Indonesia, the country with the most Muslims in the world, recently voted to expand its blasphemy laws. In 2019, the government announced that it would be revising the criminal code. While many were hopeful that the blasphemy laws would be done away with entirely, the reverse quickly proved to be true: The government is ready to implement five new blasphemy laws.
Ranked at No. 28 on the World Watch List, Indonesia is already a difficult place to live for many Christians. While the new blasphemy laws do not single out Christians for persecution, they are used almost exclusively to prosecute non-Muslims.
“While the blasphemy legislation is intended to ‘protect’ all recognized religions, including Christians, the reality is that in a country where just under 80% percent of the population is Muslim, it is often Muslims who will call on this law,” said Thomas Muller, persecution analyst with Open Doors World Watch Research.
Human Rights Watch reports that, since 1965, more than 150 people have been convicted of blasphemy in Indonesia, the majority of whom were non-Muslims. With additional laws in place, this number could rise in the coming years.
The laws are used for a wide range of alleged crimes, with a possible sentence of five years and a permanent stain on a convicted person’s record. Blasphemy laws carry a weight that should not be associated with the alleged crime.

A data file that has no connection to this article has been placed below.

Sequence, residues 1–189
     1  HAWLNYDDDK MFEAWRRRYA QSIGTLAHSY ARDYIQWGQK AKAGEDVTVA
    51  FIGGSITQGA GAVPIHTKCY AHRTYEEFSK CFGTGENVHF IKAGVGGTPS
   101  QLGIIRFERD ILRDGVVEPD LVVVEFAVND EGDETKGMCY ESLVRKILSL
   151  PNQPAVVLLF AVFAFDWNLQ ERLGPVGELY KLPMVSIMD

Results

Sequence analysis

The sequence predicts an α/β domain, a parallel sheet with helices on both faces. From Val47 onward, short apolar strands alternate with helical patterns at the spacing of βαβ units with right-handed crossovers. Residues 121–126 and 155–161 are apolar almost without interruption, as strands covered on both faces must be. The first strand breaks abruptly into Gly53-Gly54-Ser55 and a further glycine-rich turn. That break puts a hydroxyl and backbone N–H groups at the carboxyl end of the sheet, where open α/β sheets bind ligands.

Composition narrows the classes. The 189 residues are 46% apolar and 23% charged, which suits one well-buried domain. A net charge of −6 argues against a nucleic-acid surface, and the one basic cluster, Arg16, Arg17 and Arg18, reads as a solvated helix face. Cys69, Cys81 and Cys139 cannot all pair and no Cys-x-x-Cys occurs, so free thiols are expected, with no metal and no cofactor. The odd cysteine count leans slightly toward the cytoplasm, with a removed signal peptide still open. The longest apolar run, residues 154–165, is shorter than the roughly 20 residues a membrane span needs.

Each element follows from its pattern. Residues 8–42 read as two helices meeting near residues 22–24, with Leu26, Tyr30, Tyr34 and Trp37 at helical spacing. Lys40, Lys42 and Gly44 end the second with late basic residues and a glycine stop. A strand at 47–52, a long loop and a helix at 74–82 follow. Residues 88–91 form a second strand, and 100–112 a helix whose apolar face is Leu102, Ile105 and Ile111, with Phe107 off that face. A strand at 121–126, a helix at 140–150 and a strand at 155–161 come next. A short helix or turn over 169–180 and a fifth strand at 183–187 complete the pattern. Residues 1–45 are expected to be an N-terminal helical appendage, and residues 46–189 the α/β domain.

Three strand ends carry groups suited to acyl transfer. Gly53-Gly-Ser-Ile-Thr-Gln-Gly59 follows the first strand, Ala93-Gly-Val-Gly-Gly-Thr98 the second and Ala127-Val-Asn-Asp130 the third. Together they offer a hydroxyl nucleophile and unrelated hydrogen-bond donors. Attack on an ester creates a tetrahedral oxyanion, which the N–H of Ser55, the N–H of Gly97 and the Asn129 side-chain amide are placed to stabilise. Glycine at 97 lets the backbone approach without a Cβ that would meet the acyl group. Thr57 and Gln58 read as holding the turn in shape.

“A month ago, a rather successful chain named Holywings ran a marketing campaign that went very wrong,” said Muller. “They offered all guests named ‘Mohammed’ or ‘Maria’ a free drink. Muslim organizations, but also the Catholic church, were not amused and the former filed a blasphemy case against the chain and six of its co-workers.”
Since 2020, Indonesia has seen multiple violent attacks against Christians, including a 2021 Palm Sunday bombing at a village cathedral. While these attacks were carried out by Islamic extremist groups, it is discouraging that many Christians must live in fear of both extremism and strict blasphemy laws.